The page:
The final Hensgens factor requires the Court to analyze other equitable factors. Although equitable factors include whether granting leave to amend would deprive a defendant of a properly invoked federal forum, and whether denying leave to amend would result in parallel state court proceedings, these factors are likely to be present whenever a plaintiff in a removed case seeks to add a non-diverse defendant.
Defendant contends that granting leave to join the non-diverse defendants could prevent Plaintiffs and Defendant from completing a second attempt at mediation, as one of the nondiverse parties previously voiced an objection to the mediation (Dkt. #69 at p. 4). Defendant contends this would add to its already high litigation costs (Dkt. #69 at p. 4). Plaintiffs state, and the Court agrees, that if additional parties were joined, Plaintiffs and Defendant could complete their attempts at mediation while holding a separate mediation with the joined defendants.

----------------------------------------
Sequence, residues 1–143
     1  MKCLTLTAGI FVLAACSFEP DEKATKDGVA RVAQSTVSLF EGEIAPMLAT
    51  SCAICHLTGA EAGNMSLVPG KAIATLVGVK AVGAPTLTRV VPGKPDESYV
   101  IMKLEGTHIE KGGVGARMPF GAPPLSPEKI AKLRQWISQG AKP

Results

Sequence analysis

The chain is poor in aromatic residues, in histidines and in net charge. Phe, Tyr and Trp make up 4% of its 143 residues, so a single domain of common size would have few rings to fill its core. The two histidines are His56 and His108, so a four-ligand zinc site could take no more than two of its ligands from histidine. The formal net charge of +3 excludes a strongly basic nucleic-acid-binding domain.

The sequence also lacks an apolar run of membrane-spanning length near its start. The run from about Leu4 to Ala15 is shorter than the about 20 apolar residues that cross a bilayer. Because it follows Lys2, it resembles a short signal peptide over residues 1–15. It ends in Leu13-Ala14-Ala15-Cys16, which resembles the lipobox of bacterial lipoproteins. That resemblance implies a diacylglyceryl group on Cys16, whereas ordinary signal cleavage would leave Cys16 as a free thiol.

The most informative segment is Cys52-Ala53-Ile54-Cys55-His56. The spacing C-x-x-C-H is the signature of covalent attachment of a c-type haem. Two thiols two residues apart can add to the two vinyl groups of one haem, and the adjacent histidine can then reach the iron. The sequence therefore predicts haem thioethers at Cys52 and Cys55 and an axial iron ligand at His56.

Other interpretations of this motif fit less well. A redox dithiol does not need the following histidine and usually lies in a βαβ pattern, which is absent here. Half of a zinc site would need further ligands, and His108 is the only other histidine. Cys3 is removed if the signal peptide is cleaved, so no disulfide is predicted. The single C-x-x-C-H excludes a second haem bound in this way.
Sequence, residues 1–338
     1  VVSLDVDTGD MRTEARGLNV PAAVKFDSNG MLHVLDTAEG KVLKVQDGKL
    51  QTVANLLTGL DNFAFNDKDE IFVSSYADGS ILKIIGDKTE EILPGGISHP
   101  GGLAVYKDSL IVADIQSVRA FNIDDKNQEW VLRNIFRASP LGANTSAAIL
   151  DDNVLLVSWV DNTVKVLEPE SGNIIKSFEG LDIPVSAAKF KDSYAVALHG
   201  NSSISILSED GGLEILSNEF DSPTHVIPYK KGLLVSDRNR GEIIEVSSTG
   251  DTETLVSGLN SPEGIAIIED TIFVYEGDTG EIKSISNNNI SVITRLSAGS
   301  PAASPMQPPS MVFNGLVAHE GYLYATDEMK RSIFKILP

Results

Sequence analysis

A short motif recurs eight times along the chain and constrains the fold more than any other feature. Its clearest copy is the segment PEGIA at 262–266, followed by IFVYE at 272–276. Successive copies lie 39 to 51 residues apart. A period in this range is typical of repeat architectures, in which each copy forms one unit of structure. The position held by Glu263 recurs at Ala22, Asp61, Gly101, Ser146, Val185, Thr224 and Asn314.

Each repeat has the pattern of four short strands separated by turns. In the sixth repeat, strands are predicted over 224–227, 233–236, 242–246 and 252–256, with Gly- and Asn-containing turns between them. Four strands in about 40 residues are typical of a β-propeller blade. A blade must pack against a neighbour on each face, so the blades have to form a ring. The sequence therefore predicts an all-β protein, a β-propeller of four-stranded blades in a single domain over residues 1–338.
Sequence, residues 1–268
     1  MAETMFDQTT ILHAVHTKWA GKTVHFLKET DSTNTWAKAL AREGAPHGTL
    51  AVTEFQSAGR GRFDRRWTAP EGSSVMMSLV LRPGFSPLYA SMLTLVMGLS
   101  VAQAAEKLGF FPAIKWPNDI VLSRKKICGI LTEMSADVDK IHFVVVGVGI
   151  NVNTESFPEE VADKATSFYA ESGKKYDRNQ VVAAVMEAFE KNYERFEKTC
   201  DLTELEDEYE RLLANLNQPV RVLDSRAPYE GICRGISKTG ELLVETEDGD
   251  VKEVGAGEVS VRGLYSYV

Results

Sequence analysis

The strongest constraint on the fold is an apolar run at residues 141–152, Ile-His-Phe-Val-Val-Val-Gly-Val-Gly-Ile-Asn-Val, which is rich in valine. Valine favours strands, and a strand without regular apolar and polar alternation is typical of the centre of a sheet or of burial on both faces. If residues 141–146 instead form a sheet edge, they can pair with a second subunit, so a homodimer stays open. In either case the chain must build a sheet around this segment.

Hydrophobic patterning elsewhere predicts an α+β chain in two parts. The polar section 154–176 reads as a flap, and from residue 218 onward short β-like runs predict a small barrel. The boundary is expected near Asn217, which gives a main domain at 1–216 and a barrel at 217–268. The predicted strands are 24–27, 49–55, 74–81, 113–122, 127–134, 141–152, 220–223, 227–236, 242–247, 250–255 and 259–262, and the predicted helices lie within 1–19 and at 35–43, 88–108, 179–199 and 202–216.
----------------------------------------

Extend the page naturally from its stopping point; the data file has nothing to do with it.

Plaintiff argues that, in this matter, Texas State Courts should be given the final say regarding interpretation of the Texas Constitution, specifically the application of the relevant statute of limitations with respect to Plaintiff's claims. If the matter is not remanded, the Court will apply Fifth Circuit precedent regarding the relevant Texas statute of limitations as set forth in Priester v. JP Morgan Chase N.A., 708 F.3d 667, 679 (5th Cir. 2013) (stating that "the Texas Supreme Court considers liens created in violation of Section 50(a)(6) to be voidable rather than void—a `void' lien could not be `voided' by future action."). The Fifth Circuit determined that the residual four-year statute of limitations applies to borrowers' causes of action stemming from extensions of credit made in violation of the Texas Constitution's homestead provisions. Id. at 674.